With responsive search ads being the norm now, make sure you’re writing plenty of headlines and descriptions for maximum testing purposes.
From my experience, pinning works in moderation. Mainly use it to pin the most important headlines and descriptions that go into more detail about your products and what differentiates you from the rest of the competition. Otherwise, you don’t always need to do this. It really depends on the business you’re working with.
Given the way Google Ads works now, you must have a robust negative keyword list at your disposal. I always use them to exclude products we don’t sell at all. Always include terms like “free” and “diy” and “guides” too. Save those kinds of words for longform blog content or something. For PPC, you are mainly targeting people who are already interested in making a purchase. You’re using paid ads to increase your sales, bottom line!
Google Ads has changed plenty in the last few years, but the principles of good copywriting, ad structure, and negative lists have not. Keep these in mind as you formulate new campaign strategies, and you should be golden no matter how many curveballs Google throws at you. And remember, don’t panic at these changes. Keep doing what you’re doing, but know when you need to adjust your strategy on a big-picture level. If you know something’s not working, change it right away, and don’t be swayed by Google’s garbage recommendations either. Sometimes, they can be useful, but most of the time, it’s a big giveaway for them to make more money from your business. That’s the way I see it.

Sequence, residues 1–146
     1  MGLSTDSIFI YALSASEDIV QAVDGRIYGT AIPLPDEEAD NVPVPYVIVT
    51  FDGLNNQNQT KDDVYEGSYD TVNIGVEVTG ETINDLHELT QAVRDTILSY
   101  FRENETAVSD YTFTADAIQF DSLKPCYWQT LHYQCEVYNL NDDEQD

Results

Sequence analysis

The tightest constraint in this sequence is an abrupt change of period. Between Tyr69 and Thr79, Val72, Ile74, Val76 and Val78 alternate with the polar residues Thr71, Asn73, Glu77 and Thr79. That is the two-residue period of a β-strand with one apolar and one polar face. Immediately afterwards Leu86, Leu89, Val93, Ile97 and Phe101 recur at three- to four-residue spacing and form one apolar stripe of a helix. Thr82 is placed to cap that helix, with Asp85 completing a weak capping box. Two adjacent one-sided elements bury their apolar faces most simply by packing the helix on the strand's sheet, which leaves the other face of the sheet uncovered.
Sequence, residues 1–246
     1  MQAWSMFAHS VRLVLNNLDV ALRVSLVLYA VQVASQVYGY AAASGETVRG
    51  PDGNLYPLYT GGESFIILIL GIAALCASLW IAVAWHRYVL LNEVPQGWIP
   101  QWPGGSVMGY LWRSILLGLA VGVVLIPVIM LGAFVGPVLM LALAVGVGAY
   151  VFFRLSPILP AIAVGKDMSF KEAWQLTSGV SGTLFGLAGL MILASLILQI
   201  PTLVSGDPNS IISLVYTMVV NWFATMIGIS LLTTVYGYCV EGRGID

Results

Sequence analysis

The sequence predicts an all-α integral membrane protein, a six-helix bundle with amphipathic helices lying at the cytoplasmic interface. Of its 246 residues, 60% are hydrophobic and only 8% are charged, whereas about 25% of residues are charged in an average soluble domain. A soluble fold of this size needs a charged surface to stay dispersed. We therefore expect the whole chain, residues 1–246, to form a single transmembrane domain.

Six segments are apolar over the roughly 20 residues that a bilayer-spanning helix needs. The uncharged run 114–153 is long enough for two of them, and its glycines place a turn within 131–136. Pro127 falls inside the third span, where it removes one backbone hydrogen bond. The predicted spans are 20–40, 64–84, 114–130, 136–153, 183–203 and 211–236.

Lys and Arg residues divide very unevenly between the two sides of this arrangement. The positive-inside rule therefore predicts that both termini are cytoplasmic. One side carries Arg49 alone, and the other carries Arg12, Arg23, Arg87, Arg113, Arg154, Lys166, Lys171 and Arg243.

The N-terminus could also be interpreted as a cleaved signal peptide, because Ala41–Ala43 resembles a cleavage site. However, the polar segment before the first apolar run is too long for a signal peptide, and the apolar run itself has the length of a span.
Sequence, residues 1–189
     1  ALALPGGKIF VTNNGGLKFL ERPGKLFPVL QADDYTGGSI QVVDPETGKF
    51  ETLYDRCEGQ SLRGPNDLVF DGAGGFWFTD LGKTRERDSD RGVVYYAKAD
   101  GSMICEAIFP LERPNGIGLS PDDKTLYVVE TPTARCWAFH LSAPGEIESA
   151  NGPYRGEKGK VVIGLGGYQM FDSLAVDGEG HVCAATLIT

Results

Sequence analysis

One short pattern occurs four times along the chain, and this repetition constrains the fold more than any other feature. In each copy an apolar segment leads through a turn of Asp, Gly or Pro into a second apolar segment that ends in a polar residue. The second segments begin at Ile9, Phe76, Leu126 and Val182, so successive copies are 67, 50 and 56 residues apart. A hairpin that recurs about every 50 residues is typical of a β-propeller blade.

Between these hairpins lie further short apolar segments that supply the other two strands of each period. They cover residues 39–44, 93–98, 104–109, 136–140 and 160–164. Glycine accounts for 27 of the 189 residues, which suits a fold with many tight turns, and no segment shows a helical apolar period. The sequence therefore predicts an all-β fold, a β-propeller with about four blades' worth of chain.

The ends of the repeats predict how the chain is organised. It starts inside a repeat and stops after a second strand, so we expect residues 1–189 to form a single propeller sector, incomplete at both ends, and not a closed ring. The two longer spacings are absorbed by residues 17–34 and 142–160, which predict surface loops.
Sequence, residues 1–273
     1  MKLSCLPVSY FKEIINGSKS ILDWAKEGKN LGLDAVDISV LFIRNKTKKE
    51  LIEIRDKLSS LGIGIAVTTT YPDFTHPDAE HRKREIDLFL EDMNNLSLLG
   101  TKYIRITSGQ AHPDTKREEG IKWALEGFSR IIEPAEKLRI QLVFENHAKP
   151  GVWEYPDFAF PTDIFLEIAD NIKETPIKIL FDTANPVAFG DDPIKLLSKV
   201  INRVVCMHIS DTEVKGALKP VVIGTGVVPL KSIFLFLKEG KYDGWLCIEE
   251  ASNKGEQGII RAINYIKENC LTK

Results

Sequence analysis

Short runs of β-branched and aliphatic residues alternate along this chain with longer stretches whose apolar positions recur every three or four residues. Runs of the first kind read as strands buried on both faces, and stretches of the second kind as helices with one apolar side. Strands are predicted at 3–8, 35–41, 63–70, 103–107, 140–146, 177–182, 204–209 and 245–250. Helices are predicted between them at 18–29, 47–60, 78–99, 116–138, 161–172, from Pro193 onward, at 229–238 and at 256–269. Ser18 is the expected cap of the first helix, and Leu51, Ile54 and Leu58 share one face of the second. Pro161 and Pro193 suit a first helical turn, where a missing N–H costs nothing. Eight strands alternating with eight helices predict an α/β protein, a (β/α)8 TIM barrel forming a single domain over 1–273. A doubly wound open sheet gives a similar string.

We hope you’ve enjoyed this article from us. For greater PPC insights, check out our blog and stay tuned for more content like this in the future that tells it to you straight with PPC matters! Contact us for more details on how we can best work with you on your new PPC campaigns!